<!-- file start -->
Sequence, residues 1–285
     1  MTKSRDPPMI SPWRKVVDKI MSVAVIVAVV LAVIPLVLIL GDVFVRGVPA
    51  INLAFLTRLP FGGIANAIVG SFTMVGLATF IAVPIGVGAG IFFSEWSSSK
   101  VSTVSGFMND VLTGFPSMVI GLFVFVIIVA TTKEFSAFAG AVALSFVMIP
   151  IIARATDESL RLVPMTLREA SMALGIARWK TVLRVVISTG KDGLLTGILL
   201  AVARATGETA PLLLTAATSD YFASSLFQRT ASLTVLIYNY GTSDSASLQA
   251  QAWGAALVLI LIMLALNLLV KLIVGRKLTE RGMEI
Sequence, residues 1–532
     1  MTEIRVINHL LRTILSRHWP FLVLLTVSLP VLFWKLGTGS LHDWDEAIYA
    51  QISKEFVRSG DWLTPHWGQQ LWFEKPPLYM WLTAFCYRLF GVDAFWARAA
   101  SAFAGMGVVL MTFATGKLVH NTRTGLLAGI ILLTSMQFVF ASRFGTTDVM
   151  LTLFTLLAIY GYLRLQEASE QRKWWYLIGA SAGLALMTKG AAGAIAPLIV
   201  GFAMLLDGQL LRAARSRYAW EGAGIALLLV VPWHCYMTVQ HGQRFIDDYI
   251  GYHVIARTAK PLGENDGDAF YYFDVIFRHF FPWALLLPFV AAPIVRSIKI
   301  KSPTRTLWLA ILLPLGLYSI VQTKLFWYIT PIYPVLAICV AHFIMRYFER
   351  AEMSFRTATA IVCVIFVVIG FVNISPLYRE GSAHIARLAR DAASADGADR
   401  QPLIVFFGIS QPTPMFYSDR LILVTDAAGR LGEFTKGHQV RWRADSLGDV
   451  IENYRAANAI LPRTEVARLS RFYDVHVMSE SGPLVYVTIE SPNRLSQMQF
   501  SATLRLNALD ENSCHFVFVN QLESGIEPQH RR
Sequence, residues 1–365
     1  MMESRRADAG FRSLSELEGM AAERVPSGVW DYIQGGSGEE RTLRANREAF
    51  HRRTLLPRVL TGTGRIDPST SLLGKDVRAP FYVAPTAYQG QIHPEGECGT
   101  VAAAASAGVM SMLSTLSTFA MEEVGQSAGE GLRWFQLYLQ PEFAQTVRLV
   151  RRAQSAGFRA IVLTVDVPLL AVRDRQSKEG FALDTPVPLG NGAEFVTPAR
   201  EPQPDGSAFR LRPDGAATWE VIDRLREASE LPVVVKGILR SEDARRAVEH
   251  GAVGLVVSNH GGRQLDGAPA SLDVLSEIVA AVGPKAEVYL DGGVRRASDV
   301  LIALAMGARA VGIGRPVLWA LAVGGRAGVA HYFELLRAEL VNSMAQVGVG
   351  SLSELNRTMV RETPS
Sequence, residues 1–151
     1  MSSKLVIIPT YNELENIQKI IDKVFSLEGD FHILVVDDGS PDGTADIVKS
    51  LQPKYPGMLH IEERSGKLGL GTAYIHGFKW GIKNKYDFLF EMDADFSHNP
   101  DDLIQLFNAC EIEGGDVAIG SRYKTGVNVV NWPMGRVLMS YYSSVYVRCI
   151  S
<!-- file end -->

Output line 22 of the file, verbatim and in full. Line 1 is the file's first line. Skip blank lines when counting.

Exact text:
    51  HRRTLLPRVL TGTGRIDPST SLLGKDVRAP FYVAPTAYQG QIHPEGECGT